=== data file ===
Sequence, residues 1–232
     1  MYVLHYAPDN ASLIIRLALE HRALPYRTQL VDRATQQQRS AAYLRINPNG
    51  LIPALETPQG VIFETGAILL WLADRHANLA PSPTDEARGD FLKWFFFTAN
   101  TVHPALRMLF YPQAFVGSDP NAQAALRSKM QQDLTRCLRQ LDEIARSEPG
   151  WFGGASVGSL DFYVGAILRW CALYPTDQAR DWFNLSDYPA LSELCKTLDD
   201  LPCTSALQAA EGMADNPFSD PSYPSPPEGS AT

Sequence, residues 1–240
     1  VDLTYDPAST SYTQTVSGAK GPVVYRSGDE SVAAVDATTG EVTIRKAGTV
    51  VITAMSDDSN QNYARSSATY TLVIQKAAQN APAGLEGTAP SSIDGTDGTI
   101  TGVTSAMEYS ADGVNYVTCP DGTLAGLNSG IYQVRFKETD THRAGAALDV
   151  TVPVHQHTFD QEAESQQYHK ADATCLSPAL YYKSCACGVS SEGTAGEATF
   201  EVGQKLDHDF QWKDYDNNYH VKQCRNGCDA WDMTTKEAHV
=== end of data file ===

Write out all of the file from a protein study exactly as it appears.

Sequence, residues 1–232
     1  MYVLHYAPDN ASLIIRLALE HRALPYRTQL VDRATQQQRS AAYLRINPNG
    51  LIPALETPQG VIFETGAILL WLADRHANLA PSPTDEARGD FLKWFFFTAN
   101  TVHPALRMLF YPQAFVGSDP NAQAALRSKM QQDLTRCLRQ LDEIARSEPG
   151  WFGGASVGSL DFYVGAILRW CALYPTDQAR DWFNLSDYPA LSELCKTLDD
   201  LPCTSALQAA EGMADNPFSD PSYPSPPEGS AT

Sequence, residues 1–240
     1  VDLTYDPAST SYTQTVSGAK GPVVYRSGDE SVAAVDATTG EVTIRKAGTV
    51  VITAMSDDSN QNYARSSATY TLVIQKAAQN APAGLEGTAP SSIDGTDGTI
   101  TGVTSAMEYS ADGVNYVTCP DGTLAGLNSG IYQVRFKETD THRAGAALDV
   151  TVPVHQHTFD QEAESQQYHK ADATCLSPAL YYKSCACGVS SEGTAGEATF
   201  EVGQKLDHDF QWKDYDNNYH VKQCRNGCDA WDMTTKEAHV